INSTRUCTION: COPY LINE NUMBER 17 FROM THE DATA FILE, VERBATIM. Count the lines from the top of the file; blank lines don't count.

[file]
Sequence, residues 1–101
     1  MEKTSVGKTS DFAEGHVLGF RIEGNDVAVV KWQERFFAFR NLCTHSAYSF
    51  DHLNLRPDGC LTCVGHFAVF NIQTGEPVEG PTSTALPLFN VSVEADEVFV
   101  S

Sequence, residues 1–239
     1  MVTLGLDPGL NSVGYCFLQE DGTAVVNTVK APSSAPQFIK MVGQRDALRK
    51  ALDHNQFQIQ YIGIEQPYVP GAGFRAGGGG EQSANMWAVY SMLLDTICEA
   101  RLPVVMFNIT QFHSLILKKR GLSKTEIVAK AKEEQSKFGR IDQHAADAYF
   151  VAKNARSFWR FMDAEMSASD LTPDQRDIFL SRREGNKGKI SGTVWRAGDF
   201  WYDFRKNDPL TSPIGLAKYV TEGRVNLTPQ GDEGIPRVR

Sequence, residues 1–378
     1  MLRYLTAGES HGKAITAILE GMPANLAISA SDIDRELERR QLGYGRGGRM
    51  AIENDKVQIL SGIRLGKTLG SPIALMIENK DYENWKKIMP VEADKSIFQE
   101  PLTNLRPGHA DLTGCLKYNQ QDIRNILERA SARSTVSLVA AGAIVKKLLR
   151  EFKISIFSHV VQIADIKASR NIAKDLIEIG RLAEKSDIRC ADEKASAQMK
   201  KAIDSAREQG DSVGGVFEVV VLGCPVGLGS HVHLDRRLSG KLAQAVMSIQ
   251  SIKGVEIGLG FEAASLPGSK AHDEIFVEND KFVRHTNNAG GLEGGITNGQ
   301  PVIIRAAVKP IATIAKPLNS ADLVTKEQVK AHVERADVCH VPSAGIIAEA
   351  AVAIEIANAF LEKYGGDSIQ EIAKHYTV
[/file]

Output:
   251  SIKGVEIGLG FEAASLPGSK AHDEIFVEND KFVRHTNNAG GLEGGITNGQ